The Federal Trade Commission (FTC) recently released its preliminary report on two studies it conducted to help understand the effectiveness of class action settlement notices and to “develop information to help improve settlement outcomes for consumers.” The report shows that claims rates, regardless of the form of notice, are very low and that some of the more costly forms of notice, like publications in magazines and national newspapers, do not significantly increase the claims rate. The FTC did, however, identify certain characteristics contained in emails (the least expensive form of notice) that improved open rates and consumers’ comprehension of notices. Regardless, consumers’ comprehension of the emails was very low—less than half. The FTC noted that the results suggest that consumers view class action settlement notices with healthy skepticism.

The FTC performed the studies as part of its Class Action Fairness Project. The initiative strives to make sure class settlements provide appropriate benefits to consumers. 

Importantly, the FTC, a consumer protection agency, made no effort as part of these studies to determine if the underlying claims had merit, if the settlements were fair under the circumstance of the case, or if the people receiving notices would have been entitled to any compensation had they brought their own lawsuit.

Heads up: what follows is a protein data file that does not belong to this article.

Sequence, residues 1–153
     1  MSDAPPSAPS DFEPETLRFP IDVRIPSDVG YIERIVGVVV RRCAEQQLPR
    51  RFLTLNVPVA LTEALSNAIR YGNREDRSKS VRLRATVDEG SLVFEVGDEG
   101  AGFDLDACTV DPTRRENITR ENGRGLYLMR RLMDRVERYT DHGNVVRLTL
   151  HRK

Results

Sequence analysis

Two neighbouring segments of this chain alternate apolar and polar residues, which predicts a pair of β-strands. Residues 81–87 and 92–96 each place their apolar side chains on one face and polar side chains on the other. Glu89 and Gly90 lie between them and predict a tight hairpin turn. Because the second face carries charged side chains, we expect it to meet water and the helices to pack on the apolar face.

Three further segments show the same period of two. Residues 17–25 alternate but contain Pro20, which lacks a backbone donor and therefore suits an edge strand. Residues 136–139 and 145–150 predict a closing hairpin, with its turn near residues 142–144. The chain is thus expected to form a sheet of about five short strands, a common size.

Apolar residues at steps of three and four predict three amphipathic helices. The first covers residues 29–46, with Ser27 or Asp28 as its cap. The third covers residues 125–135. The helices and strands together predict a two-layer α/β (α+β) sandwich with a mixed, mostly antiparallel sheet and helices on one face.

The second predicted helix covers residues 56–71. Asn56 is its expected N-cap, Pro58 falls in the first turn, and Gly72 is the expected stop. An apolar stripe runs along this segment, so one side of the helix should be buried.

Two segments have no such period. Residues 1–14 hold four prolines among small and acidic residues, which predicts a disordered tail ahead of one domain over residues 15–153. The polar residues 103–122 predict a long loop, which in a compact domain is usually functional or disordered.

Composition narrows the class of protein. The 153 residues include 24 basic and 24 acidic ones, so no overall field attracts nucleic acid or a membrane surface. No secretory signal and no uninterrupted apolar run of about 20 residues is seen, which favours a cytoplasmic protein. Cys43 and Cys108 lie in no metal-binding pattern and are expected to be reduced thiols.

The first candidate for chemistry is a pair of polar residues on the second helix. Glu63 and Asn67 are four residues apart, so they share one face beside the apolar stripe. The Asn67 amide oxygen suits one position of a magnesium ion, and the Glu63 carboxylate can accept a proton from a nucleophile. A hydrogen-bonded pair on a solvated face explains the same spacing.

The first study, the Administrator Study, examined the characteristics of 149 class action settlements. To obtain data regarding the settlements, the FTC ordered seven claims administrators to provide information on notification procedures and response rates for different notice methods.  The FTC examined 149 settlements, 139 federal court. These included numerous cases involving the consumer finance industry: six TCPA cases, seven overdraft practices cases, 14 consumer privacy cases, 15 mortgage-related cases, 15 debt collection (including FDCPA) cases), and 30 improper payment (charged or credited) cases. 

This study found that the median calculated claims rate was 9 percent and the weighted mean (i.e., cases weighted by the number of notice recipients) was only 4 percent. While the claims rates varied by form of notification, the averages remained low. Notice campaigns that used more expensive notice packets with claim forms had claim rates of approximately 10 percent. The claims rates for campaigns that cost less, using primarily postcards and email, was about 6 percent and 3 percent, respectively. Importantly, the added use of publication notice did not have a significant impact on the claims rate. While publication notice is potentially important to convince a court to approve the notice process, it can be very expensive and take up a considerable percentage of the administration fee and overall settlement amount.